Monday, February 27, 2006

Kinder and gentler zealots

In today's USA today, Michael Medved, who has become a sort of modern-day Know-Nothing (for those who haven't heard of them, they were a real political movement at one time) wrote about the Religious Rat's surprising forebearance in not violently protesting "Brokeback Mountain". He sees it as a sign of grace and maturity on their part. His point of reference was, of course, the Muslim riots over cartoons.

As a civil libertarian, I can only hope that Medved is right, that the Christian movement is softening its hysterical attempts to demonize and restrict behavior it considers immoral. Ironically, Medved himself remains one of the most hysterical and, frankly, confused, commentators on our culture and its supposed degradation. He has been in the forefront of those who would blame, for example, heavy metal rock for teen murder rampages. Yet, with breathtaking hypocrisy, he is silent on the young woman who cut off her baby’s arms while reciting biblical scripture.

Sunday, February 26, 2006

Corporate Sellouts, the Religious Rat, Bird Flu and more

(This is an updated version of the post of 21-Jan, "Random Neurons Firing")

Google was apparently alone, among major search engine companies, in standing up to the Adminstration's brazen demand that it cough up data on the search habits of its users. On fears of a confrontation with the Injustice Department, Google's stock tanked (still leaving it at surreal levels). While there is a lot to fault in Google's relentless hype, this is one issue on which we should all stand with the company. Yahoo, meanwhile, caved quietly, and deserves only our scorn. From having once been a symbol of edgy rebelliousness, Yahoo has become just another gutless corporate stooge. But we saw it coming. Their tie-up with SBC amounted to a wholesale sellout of both companies' customers. Why should we expect any better of them now?

Of course, it turns out that Google, along with Yahoo and pretty much everyone else in the browser/search engine/OS business, have caved in completely to the Chinese. We have mentioned this here before: U.S. companies are racing to do the bidding of the Chinese government, in exchange for a foothold in the China market. All of these companies (count Microsoft and many others among them) are complicit in multiple cases of surveillance, arrest, and mistreatment of Chinese citizens by their government. This correspondent is a strong advocate of the idea that engagement, not confrontation, is the route to greater freedom in China, and has even invested in companies operating there. But engagement cannot include active involvement in suppression. The arguments of these companies, when questioned by Congress this past month, rang hollow and self-serving. There are no shades of grey. Either you rat on people, sending them to prison and torture, or you don't.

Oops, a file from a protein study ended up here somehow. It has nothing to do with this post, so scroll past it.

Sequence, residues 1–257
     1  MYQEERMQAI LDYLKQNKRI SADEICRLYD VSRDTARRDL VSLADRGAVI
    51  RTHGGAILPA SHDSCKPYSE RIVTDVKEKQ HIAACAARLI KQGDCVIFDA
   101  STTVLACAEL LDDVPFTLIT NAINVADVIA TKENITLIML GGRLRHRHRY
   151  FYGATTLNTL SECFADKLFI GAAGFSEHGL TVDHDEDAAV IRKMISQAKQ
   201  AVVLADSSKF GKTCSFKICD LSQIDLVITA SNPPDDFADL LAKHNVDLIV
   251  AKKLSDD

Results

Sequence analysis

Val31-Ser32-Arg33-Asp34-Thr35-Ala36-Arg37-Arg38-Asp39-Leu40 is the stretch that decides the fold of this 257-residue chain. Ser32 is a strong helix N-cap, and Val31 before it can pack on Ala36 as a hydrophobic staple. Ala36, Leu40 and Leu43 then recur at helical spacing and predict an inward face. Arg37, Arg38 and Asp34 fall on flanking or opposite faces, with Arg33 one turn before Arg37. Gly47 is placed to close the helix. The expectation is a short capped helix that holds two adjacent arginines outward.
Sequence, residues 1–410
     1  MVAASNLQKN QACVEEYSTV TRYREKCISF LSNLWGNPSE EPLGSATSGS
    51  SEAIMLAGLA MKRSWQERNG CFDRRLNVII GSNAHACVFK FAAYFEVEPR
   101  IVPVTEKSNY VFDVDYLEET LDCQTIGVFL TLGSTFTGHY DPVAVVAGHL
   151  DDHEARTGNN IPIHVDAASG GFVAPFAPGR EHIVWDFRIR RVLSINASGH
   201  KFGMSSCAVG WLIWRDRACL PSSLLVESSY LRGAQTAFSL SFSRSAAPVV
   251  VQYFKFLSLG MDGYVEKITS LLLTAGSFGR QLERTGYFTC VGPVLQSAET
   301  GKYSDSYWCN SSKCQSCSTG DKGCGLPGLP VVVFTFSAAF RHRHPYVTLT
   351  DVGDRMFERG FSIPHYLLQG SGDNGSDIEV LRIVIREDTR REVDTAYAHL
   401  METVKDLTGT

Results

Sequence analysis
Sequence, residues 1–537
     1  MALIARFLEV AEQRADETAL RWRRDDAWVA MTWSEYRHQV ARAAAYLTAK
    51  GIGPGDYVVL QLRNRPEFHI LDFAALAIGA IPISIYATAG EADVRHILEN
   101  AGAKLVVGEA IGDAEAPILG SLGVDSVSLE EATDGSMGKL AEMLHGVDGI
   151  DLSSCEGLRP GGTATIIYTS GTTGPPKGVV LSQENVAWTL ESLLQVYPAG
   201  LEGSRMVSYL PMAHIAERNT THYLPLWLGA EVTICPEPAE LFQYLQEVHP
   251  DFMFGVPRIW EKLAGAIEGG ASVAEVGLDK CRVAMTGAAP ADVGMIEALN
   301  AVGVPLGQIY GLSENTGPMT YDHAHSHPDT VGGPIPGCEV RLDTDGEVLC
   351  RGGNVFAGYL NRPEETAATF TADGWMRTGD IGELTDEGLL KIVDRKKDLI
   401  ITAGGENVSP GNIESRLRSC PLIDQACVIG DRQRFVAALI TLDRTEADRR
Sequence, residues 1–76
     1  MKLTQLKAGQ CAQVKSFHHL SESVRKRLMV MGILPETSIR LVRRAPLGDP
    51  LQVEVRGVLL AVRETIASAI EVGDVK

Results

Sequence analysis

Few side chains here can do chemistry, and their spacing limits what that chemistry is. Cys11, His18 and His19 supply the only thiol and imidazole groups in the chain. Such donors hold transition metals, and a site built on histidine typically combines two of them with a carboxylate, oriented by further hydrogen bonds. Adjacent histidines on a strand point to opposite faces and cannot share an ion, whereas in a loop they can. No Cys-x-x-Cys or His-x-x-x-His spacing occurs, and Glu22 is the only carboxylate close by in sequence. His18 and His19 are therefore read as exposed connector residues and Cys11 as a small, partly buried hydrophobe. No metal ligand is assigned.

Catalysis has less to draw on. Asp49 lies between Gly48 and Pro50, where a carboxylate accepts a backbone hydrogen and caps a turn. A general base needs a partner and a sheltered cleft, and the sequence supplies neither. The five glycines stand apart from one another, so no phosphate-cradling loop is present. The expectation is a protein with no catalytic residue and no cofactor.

Following their setback in Dover in December, a few of the Religious Rats have been jumping ship. Suddenly, congressmen like Rick Santorum, the apostle of ignorance, are standing up for science. We'll see how long that lasts. In Santorum's case, it can be traced to an acute attack of re-election anxiety. Some of the rats are turning on each other: the moderates (Creation as metaphor) and the extremists (Genesis as literal truth) are accusing each other of hurting the cause. Meanwhile, America remains the only industrialized country in which a majority reject the scientific account of how we got here. A whole lot more rats are going to have to devour each other before that changes.

Right wing spokesmen (and especially their buddies on the talk radio stations) continue to defend the Administration's desire to spy on us. First it was the Patriot Act. Now the justification is catching web porn users. For a crowd that continually thunders about limiting government power, these people are remarkably casual about telling us to give up our rights. The question: if this kind of government power is OK, then just what does it mean to talk about "getting government off our backs?" Ooops. Forgot, the Constitution doesn't say anything about privacy.

Meanwhile, as institutional panic about Avian flu builds, governments are stockpiling a treatment of dubious value. The company that makes it once had Donald Rumsfeld as its Chairman. Unfortunately, conspiracy theorists on the Left are using this as a pretext to claim that Avian flu itself is a hoax, or at best, overblown. If they have their way, we won't do anything about it until 40 million people have died, and then they will point fingers at the "callous" establishment for not having prepared adequately. The current “preparations” for Bird Flu are a travesty, and the political squabbling a case of multiple wrongs making a bigger wrong. We can only hope that the critical mutation that would enable this virus to spread easily between humans does not occur.